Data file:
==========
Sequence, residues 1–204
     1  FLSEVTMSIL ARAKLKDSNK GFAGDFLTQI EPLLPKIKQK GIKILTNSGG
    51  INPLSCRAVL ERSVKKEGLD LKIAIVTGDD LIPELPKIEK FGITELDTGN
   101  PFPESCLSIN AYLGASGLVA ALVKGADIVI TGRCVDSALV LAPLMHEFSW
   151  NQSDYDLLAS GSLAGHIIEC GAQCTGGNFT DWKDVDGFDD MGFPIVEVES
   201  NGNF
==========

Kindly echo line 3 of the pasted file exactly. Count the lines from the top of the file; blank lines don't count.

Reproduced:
    51  INPLSCRAVL ERSVKKEGLD LKIAIVTGDD LIPELPKIEK FGITELDTGN